Editor's note: Ken Buesseler is a Senior Scientist at the Woods Hole Oceanographic Institution who has studied marine radioactivity since Chernobyl in 1986 and led an international research cruise off Japan in June 2011.
(CNN) -- One year ago, a series of events began with an earthquake off the cost of Japan that culminated in the largest accidental release of radioactivity into the ocean in history.
We have to be careful and say "accidental" because in the late 1950s and early 1960s, 50 to 100 times more radioactivity was released worldwide as fallout from the intentional testing of nuclear weapons. The word "ocean" is also important, since Chernobyl in 1986 was hundreds of miles inland, so it had a smaller impact on the concentrations of radionuclides in the sea than was measured directly off Japan in 2011.
One year later, we have to ask, what do we know about Fukushima's impact on the ocean and levels of radioactive contaminants in water and fish?
In many ways we were fortunate that impacts were largely confined to the ocean. Certainly, the Japanese people continue to feel devastating effects of so large a release within their country, and many people may never be able to return to their homes. But in general the winds during the height of the accident at the Fukushima Daiichi nuclear power plant were blowing offshore. As a result, more than three-quarters of the radioactivity fell on the ocean. This is important, as any that lands on soil remains in place, resulting in the potential for greater human exposure and increased chances of contamination to food supplies and property.
In the Pacific, however, the strong Kuroshio Current (similar to the Atlantic Gulf Stream) helped move any contamination quickly away from shore and diluted it by mixing it into deeper water.
This allowed us to report that by June 2011, even when we sampled within sight of the nuclear power plants, levels of cesium-137 and cesium-134 in the ocean, two primary products of nuclear fission, were elevated, but still below those considered of concern for exposure to humans. They were also well below biological thresholds of concern to the small fish and plankton we sampled, even if these were consumed by humans.
Several other groups have now confirmed our findings about levels of radioactivity up to 400 miles offshore.
Other measurements show trends that are more worrisome. Levels of radioactivity found in fish are not decreasing and there appear to be hot spots on the seafloor that are not well mapped. There is also little agreement on exactly how much radioactivity was released or even whether the fires and explosions at the power plant resulted in more radioactive fallout to the ocean than did direct releases of radioactivity caused by dumping water on the reactors to keep them cool.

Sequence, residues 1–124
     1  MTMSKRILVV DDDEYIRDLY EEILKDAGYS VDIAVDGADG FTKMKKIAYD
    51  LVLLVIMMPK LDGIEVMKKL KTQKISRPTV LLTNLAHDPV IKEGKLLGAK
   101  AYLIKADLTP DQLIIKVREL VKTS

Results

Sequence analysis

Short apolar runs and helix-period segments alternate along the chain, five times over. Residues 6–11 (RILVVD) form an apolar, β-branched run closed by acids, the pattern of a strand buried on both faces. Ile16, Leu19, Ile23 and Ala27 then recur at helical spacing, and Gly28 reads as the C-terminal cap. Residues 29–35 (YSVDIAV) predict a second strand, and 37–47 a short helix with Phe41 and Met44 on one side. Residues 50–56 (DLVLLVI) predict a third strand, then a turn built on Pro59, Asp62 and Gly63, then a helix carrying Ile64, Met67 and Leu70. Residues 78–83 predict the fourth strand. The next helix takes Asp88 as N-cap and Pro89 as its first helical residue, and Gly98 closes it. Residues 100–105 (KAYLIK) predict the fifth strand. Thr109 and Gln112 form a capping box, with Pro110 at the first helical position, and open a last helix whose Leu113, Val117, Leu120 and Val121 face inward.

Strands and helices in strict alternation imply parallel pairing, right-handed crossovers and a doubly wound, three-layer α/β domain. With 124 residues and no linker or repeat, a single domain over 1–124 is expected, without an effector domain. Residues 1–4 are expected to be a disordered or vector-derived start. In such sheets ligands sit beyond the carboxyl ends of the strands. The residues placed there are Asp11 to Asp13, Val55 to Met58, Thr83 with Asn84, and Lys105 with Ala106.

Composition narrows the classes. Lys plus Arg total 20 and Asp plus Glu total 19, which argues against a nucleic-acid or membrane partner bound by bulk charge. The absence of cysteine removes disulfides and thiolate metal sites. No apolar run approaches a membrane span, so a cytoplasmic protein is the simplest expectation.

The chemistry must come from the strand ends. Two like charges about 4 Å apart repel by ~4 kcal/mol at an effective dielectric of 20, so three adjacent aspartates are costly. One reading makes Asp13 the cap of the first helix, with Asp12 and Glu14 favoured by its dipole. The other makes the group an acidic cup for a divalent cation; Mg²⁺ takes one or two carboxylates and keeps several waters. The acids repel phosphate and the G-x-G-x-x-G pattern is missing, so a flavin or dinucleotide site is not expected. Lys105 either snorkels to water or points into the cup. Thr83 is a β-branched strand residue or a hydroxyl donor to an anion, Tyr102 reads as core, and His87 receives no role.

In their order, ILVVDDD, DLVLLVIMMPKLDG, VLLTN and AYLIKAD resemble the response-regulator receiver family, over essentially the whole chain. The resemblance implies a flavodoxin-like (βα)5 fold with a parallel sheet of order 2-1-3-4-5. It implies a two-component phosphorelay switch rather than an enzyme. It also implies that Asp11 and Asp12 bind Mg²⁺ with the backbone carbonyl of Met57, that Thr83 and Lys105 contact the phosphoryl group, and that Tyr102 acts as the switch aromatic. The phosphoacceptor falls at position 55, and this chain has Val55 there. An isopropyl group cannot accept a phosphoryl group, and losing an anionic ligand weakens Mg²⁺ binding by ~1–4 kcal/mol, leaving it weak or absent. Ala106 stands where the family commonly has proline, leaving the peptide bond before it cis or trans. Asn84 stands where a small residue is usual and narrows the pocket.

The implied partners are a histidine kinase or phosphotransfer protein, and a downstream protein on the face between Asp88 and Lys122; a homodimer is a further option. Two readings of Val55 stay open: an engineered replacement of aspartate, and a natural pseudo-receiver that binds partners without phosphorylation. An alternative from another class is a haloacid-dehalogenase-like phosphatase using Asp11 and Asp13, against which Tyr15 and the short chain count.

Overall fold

Japan is taking what some think of as a precautionary measure by lowering the limits of radioactive contaminants in drinking water and food supplies, including seafood, on April 1.The new level for fish will be one-tenth of the acceptable level in the United States. Will Japan's new limits build consumer confidence or raise fears and questions about why more fish are considered unsafe for consumption? And why were fish caught last year considered safe, but now are not?
Despite the announcement in December that operators of the power plant had achieved cold shut down, we know they are still using tons of water to cool the reactors and that not all the water has been collected or treated. As a result, the ground around the site is like a dirty sponge, saturated with contaminated water that is leaking into the ocean.
Marine sediments are also collecting radioactive contaminants, exposing bottom-dwelling fish, shellfish and other organisms on the sea floor to higher levels of contaminants than those in the waters above. Little is known, however, about the level of contamination in the groundwater and on the seafloor and whether these will be a source of contaminants long after levels in the ocean have become diluted to the point that only the most sensitive instruments can detect them.
We do know that we can detect cesium at very dilute levels, well below those considered harmful. Using these sensitive techniques we can track the Fukushima contaminants as ocean currents carry the peak releases across the Pacific where they are expected to reach the U.S. West Coast in 2013-2014 at levels that are much lower than we measured off Japan in 2011 and thus not of concern to human health.
Two weeks ago, we held the largest international gathering of marine scientists studying radioactive substances in the ocean originating from Fukushima. Although we shared freely what each of us has learned in the last year, what we need today is also what we needed on March 11, 2011 — greater international coordination of long-term studies of the fate and consequences of the radiation. We've done the initial assessments. Now we need to begin answering the tougher questions, building public confidence in scientific studies by having multiple, independent groups at work, and ensuring we have the resources to build comprehensive, long-term studies.
As a scientist and a marine radiochemist, I am trained to provide answers about radioactivity in the ocean—how much is out there, where it is, and what its fate is likely to be in the future. Today, we haven't gone very far beyond the first question, which was key on March 11, 2011, but hardly seems sufficient one year later.
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The opinions expressed in this commentary are solely those of Ken Buesseler.